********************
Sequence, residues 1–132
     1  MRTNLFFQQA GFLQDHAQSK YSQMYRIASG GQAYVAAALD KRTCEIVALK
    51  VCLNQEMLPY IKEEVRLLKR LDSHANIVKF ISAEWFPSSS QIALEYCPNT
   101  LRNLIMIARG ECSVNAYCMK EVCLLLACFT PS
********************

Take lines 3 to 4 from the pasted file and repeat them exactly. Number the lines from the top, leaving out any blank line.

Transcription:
    51  VCLNQEMLPY IKEEVRLLKR LDSHANIVKF ISAEWFPSSS QIALEYCPNT
   101  LRNLIMIARG ECSVNAYCMK EVCLLLACFT PS